Galway businessman John Sweeney, whose Black Shore Holdings company was wound up last week, has consented to a € 2.7 million summmary judgment order being made against him at the Commercial Court over unpaid loans.
HSBC Private Bank Ireland sought the order arising from a €2.7 million loan extended to Mr Sweeney under a loan facility letter of December 2007 for the purpose of providing a line of credit to enable him to undertake various investments, subject to approval by the bank.
When the proceedings came before Mr Justice Peter Kelly at the Commerical Court on Monday, he was told Mr Sweeney, Goreen, Gortacleva, Bushy Park, Galway, was consenting to judgment in the sum sought. Judgment was entered in the amount of €2,762,868.
The bank claims Mr Sweeney had in January 2008 executed a mortgage of shares as a continuing security for the debt and had also in October 2009 granted a mortgage in favour of the bank over a €3 million life assusrance policy held by him with Zurich Life Assurance Company of Ireland ltd.
It was claimed Mrs Treena Sweeney, wife of Mr Sweeney, had agreed to execute second ranking charges over various properties as additional security and Mr Sweeney had also agreed to provide a mortgage over all receivables due to him from Black Shore Holdings Ltd and its associated companies.
Those securities were to be in place by August 31 2009 but to date a sceond ranking charge had been executed only in relation to two properties, the bank said. It added it attributed no value to that security in circumstances where prior ranking security exists. It also added no mortgage has been put in place in relation to the receivables.
The bank claims its loan facility was repayable on demand and it had on February 1 demanded that payment be made, with continuing interest, by February 9. No payment was made, it said.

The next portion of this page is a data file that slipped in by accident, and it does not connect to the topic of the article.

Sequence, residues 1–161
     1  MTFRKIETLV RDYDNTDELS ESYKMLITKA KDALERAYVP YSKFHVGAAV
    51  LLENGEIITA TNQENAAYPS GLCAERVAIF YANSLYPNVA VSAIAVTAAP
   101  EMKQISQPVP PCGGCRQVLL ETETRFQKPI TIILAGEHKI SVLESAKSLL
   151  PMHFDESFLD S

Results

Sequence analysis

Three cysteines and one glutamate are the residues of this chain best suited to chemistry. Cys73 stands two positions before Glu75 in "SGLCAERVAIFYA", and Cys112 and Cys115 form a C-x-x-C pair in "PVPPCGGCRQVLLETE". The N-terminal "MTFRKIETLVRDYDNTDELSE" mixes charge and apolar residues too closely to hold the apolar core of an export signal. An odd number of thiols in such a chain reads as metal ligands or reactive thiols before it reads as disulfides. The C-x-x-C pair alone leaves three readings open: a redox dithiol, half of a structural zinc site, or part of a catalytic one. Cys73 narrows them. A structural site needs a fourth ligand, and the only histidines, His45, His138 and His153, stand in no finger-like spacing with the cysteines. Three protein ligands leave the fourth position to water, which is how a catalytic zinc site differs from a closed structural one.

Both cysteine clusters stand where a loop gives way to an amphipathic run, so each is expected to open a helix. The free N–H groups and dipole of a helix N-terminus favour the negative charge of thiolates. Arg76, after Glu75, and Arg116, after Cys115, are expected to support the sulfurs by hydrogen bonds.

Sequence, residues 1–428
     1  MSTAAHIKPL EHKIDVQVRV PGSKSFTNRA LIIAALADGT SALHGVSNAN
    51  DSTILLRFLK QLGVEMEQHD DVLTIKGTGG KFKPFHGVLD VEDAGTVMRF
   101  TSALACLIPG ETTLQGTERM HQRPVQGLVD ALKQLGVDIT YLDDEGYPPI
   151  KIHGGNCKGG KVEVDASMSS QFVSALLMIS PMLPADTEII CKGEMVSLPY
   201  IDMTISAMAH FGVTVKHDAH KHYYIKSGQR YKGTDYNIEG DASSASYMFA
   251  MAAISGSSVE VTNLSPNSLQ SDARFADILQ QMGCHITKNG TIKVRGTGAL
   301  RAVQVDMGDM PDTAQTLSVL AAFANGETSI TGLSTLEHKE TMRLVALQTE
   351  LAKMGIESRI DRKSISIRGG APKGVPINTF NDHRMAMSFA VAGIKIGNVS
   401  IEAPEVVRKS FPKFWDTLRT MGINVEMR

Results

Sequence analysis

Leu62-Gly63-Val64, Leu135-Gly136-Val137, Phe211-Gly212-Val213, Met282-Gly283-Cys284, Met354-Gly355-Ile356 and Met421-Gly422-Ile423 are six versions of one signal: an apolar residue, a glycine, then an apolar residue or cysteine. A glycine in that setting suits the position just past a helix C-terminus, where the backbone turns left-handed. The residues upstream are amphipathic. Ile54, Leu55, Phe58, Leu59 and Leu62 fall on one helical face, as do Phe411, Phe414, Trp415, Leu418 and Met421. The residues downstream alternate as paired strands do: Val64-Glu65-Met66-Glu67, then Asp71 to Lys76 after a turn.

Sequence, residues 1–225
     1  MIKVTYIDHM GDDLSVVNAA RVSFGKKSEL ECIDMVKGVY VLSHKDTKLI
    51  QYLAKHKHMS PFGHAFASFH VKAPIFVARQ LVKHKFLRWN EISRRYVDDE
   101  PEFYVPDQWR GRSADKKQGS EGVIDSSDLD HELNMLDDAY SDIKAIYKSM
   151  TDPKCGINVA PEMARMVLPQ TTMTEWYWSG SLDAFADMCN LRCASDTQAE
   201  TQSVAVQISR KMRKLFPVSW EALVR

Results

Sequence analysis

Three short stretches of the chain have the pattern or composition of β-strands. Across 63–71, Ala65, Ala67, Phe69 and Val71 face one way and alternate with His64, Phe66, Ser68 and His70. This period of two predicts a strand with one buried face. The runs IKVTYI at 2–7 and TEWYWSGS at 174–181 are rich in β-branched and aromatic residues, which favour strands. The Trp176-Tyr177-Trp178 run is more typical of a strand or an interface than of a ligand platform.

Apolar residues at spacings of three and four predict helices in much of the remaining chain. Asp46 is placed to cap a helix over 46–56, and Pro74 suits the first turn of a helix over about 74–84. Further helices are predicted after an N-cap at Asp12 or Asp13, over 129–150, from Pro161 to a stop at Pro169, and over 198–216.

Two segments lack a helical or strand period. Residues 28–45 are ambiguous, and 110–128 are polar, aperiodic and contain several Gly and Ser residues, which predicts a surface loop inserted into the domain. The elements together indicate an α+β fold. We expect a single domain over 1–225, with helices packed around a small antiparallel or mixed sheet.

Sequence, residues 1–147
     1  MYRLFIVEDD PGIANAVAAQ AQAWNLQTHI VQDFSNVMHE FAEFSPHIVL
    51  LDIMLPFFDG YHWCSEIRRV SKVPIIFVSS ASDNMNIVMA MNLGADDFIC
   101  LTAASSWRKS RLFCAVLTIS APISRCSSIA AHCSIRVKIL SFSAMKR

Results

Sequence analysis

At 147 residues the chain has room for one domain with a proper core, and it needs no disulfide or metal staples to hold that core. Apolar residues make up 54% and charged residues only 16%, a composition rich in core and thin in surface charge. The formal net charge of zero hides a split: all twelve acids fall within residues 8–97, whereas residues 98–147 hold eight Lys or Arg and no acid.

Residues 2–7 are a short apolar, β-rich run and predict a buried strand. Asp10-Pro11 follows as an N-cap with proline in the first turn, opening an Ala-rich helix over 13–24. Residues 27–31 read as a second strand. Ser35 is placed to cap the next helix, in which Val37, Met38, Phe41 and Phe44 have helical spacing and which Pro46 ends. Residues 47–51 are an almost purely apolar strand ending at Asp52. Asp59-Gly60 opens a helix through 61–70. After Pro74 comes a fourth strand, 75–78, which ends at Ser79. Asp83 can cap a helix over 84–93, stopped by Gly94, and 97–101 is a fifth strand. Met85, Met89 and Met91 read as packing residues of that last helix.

The bank noted a petition to wind up Black Shore Holdings Ltd (BSH ) was presented to the High Court on January 7 last while a petition was also presented for the appointment of an examiner to four companies in the Black Shore group, including Slyne Properties Ltd.
Last week Mr Justice Brian McGovern made an order for the winding up of BSH, the insolvent holding company for the group of Black Shore companies. Those companies include a company which owns a 33 per cent stake in Dublin's Shelbourne Hotel.
The liquidator to BSH was sought by Esso Ireland, which was owed some €12.4 million, and the application was not opposed by BSH. A receiver was also appointed over BSH later on Wednesday last by Anglo Irish Bank.
Later last week, Mr Justice McGovern continued court protection for four companies in the Black Shore group which own or operate a number of Esso service stations, Spar stores and the Courtyard Marriott Hotel in Galway.
Anglo Irish Bank, owed more than €20 million arising from inter-company guarantees involving three of the companies, had strongly opposed examinership. The bank also said it intended to appoint a receiver over the companies as soon as it can. Court protection applies for a maximum 100 days.